The title of this post might be misleading. Specter Spectacular is an anthology released this week that I edited, and while it opens with a pleasantly eerie story ("My Rest a Stone" by Amanda C. Davis) and a straight up frightening story ("Alabaster" by Jaime Rand), the anthology as a whole isn't one fright after another. It's a fabulous mix of the frightful and fanciful. The eerie and the romantic. The horrific and the humorous.
Putting this together, I must admit that my favorite tale to come across my desk was "Wendigo" by Shannon Robinson. The tale appeals to my young-working-woman mindset with a quirky family, yet it enthralls, horrifies, and triumphs. It's about addiction, but not merely in the substance sense of the term.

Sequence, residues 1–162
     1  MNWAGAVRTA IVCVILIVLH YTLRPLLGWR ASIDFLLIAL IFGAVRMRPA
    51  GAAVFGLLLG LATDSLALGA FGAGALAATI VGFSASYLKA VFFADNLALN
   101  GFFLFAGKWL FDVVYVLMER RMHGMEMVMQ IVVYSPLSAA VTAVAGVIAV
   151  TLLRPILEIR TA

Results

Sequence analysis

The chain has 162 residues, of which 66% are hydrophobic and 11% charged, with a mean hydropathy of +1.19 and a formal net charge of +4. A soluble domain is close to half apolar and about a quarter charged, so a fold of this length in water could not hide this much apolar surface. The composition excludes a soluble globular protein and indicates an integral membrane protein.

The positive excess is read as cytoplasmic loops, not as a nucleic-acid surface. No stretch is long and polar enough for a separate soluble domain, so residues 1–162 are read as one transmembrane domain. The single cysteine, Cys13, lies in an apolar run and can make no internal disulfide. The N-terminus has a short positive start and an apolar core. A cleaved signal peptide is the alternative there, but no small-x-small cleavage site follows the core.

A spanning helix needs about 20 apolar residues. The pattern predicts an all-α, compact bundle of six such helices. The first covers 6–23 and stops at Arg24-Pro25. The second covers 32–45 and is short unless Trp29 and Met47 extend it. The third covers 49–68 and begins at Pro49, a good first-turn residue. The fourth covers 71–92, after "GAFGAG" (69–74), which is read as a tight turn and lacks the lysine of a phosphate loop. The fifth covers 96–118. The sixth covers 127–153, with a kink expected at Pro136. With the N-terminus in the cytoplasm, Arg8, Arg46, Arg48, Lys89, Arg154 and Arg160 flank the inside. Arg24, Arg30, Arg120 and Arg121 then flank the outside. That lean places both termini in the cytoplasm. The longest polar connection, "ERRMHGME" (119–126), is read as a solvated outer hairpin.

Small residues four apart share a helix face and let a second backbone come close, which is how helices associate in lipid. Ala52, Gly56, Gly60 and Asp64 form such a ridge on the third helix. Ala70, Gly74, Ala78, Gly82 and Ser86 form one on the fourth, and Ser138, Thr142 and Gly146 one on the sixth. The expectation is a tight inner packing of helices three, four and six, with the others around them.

Yet I also had so much fun with funny stories like "The Haunts of Albert Einstein" -- hey, if Einstein is stuck on the ghostly plane, you think he'll sit back and do nothing? -- and "Cooter, Ass-much, and Me" -- as the title implies, it's damn funny ... and a little bit chilling.
Ghosts are fascinating creatures. But I admit to approaching horror tentatively. There's so much gore-fest out there in cinema that horror has earned a "I don't like that" rep from many people. I'd like to think that Specter Spectacular transcends that and invites in those who love the slightly mystic as well as the horrific and the otherworldly. People who enjoy folk lore and romantic tales. People who may or may not believe in "ghosts" but who are willing, in the course of a fabulous short story or two, to explore their potential.
Available as an ebook from Amazon, Barnes & Noble, or Kobo, as well as in print, Specter Spectacular: 13 Ghostly Tales is out now from World Weaver Press, just in time for your Halloween reading pleasure. Find a dark, chilling evening one night soon, and curl up with this anthology ... but maybe keep a flashlight close at hand. Just in case.